Albanese says we can’t replace steelmaking coal. But we already have green alternatives



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Dominique Hes, University of Melbourne

Despite a wealth of evidence to the contrary, some still propagate the myth that the world will need Australian coal for decades to come. Last weekend Opposition Leader Anthony Albanese joined in, saying thermal and metallurgical coal mining and exports would continue after 2050, even with a net zero emissions target.

Metallurgical coal (or “coking coal”) is mined to produce the carbon used in steelmaking, while thermal coal is used to make steam that generates electricity.

Albanese argues there’s no replacement for metallurgical coal, but this is not the case. The assertion stems from a fundamental misunderstanding of modern steelmaking, and places Australian manufacturers at risk of missing out on massive opportunities in the global shift to a low-carbon economy.

Just as thermal coal can be replaced with clean energy from renewables, we can use low-emissions steel manufacturing to phase out metallurgical coal.




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The problem with steel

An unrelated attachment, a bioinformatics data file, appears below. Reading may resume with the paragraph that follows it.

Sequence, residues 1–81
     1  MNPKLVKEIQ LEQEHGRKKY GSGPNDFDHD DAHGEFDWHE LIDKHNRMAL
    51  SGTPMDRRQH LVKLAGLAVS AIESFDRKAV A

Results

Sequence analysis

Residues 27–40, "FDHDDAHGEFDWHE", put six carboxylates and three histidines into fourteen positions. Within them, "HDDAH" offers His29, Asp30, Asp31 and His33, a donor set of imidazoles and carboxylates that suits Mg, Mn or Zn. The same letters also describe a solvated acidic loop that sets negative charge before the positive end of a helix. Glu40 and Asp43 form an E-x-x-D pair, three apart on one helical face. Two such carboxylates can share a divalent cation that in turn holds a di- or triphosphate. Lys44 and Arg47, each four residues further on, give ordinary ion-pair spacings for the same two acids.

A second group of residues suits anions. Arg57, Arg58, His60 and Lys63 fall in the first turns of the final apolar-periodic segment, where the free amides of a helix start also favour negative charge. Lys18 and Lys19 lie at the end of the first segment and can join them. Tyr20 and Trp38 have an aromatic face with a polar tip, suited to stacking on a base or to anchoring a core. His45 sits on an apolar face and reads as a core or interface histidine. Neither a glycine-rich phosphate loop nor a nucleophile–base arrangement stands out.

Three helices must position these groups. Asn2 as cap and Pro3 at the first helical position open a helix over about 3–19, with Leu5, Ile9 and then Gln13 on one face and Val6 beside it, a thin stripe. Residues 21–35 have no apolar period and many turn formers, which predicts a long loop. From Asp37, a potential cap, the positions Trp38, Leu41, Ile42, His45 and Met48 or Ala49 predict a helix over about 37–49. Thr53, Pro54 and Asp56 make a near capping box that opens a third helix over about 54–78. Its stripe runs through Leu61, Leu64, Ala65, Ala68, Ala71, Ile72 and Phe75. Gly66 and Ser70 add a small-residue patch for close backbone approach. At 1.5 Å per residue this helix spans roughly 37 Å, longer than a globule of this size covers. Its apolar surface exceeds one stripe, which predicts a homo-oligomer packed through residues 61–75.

Steel is the second-most polluting industrial material in the world after cement, causing 7-9% of global emissions.

Australia manufactures a relatively small amount of steel – 5.3 million tonnes, or 0.3% of world output. Yet, we’re one of the biggest exporters of raw materials for steel production.

There is potential to not only strengthen Australia’s steel manufacturing industry, but also to grow it using the ore (rock containing metals like iron) we currently export and our extensive renewable energy sources.

Doing so would work to our manufacturing strengths, history, abundant resources, and would cater to the future low-carbon market that will still require steel.

There are a few ways we can do this.

Recovering waste

Seventy-two per cent of the world’s virgin steel (steel made from ore, not from recycled material) is created from a high emissions manufacturing process – via the integrated steel-making route. This involves a blast furnace and a basic oxygen furnace, using coal, coke, iron ore and gas.

We can replace the coal and coke with rubber tyres that would otherwise end up in landfill, as shown by University of NSW’s Professor Veena Sahajwalla, who dubbed this process “green steel”.




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Right now we can also boost the recovery of steel from landfills in greater percentages. According to a 2018 national waste report, Australia generated an estimated 67 million tonnes of waste in 2016-17.

Steel makes up 2.5% of this. That’s more than 1.5 million tonnes, enough to build 150,000 buses.